The chests in the shop are the same chests you can grind in the core loop, so even the most unsophisticated player eventually grasps what money can buy: 1 gem or roughly 1 cent for every 10 minutes of waiting time and $3-8 (scaling with arenas) to avoid the week of chest grinding required to get to a Magical Chest.
Secondly, Supercell casualized the time mechanic further, but has put additional mechanisms to gate the chests apart from time.
The casualization they did is simple: instead of forcing players to be on time for the Free Chest every 4 hours they doubled this to 8 hours, by allowing players to stockpile two of those chests; instead of forcing players to login every day for optimal collection of Crown Chests, they allowed them to login once every second day by the power of the same trick.
This continuous increase of rewards the longer a player has not checked-in into the game has been adopted by many F2P titles before, but never in this superb form.
To support their core loop and discourage churn stemming from the fact that in a synchronous PvP game everyone will have a 40-60% win rate in the end, they added the additional mechanisms on top of time: win battles and win crowns.
I find the crown winning especially shrewd, as it allows players to win even when they lose and therefore gives additional levers for Supercell to optimize the game's matchmaking (a topic that deserves a thread of its own).
As to Supercell's approach to monetization, it can easily be described in two words: extremely aggressive.
As mesmerizing as the new synchronous gameplay presented is and as polished as the game feels, looking at the surface it is very hard to believe that players in 2016 are willing to tolerate the extreme hand-in-pocket approach we're witnessing. This definitely caught me by surprise and outside of the intense courting by all the platforms, I would say three things explain this phenomenon.
Firstly, the game sports more than obvious exponential increases in costs. This makes an early money investment very likely and as I have spoken at length about this before, a lot of companies try to drive conversion through retention, but Supercell are masters in driving retention through conversion!
Here they achieve it not only through the low costs early on, but also through the (extremely aggressive) anti-competitive hiding of epic cards behind a paywall. A prince, a dragon or a goblin barrel early on means a solid win streak and progress through the arenas. Once players get stomped by these cards multiple times, reaching in their pocket for $5-$20 seems like the logical next step.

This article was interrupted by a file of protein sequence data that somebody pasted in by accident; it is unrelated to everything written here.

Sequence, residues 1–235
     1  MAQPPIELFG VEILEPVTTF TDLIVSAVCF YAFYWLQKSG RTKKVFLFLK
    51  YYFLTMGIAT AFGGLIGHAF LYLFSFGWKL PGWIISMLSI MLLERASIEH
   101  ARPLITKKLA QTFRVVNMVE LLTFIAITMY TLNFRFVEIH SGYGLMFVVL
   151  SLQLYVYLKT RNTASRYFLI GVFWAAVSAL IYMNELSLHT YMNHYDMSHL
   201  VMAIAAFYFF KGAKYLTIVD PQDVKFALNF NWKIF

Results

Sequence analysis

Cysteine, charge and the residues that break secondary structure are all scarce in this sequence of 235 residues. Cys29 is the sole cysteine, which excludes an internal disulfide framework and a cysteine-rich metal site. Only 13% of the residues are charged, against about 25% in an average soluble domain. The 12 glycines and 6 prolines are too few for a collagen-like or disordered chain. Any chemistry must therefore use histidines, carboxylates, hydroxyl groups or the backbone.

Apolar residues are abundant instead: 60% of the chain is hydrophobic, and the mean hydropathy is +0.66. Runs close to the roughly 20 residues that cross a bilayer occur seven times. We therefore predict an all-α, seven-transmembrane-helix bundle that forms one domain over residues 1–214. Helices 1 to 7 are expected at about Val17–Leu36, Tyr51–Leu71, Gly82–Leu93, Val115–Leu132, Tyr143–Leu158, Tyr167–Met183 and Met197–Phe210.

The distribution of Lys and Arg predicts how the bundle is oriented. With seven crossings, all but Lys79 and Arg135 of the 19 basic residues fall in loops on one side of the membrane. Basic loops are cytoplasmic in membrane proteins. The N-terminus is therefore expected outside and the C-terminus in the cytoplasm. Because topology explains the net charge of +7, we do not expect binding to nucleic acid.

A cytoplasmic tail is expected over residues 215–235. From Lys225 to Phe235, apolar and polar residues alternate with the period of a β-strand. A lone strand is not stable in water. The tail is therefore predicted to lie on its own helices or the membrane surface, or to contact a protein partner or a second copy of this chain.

Secondly, Supercell looked at the rise of MZ (or maybe at my Game of War GDC presentation) and finally took note. The switch to a gacha-based monetization has made them feel more comfortable with higher shop caps.
As most people in the industry know, Supercell has usually set their shop size across their titles at roughly $12-15,000, but in Clash Royale, we see a much higher cap of roughly $25,000 needed to max out Epic Cards (of course drop chances and therefore the shop cap can be tweaked easily on the go).
For legendaries this is probably as high as $50,000 as players cannot buy these from the shop and have to rely solely on the minuscule chance of getting them randomly.
Interesting to note here is that the game lacks consumables (hmm, maybe I was wrong and they didn't watch my presentation after all!) and therefore extracting more revenue from the big spenders who already maxed out the game, relies solely on adding new cards and hoping these payers would spend another $25,000-50,000 to get these new cards.
As to Supercell's approach to monetization, it can easily be described in two words: extremely aggressive.Dimitar Draganov
Thirdly, the vast mobile audience doesn't understand synchronous competitive gameplay. It comes from an asynchronous gaming background where retention is king and to keep players in, companies have gradually decreased barriers to entry and allowed for asynchronous win rates as high as 70-95%.
This makes the current moment in the history of mobile gaming development quite unique and Supercell has seized this once in a lifetime opportunity just like it did with Clash of Clans.
The vast audience will get very frustrated with the 40-60% win rates that come with synchronous PvP and as many of them don't know any better, they would prefer to spend and keep winning to decrease that frustration.
I find this extremely aggressive strategy brilliant, but also a bit repulsive.
I think it is working right now, but it won't work as the audience matures in 12 months time. I don't know of any competitive game that has ever put a $50,000 barriers entry or 10+ years of waiting time before you can hope to compete.
This is the big question for the long-term success of Clash Royale and I am quite confident it's in Supercell's best interest to give an answer to this as soon as possible.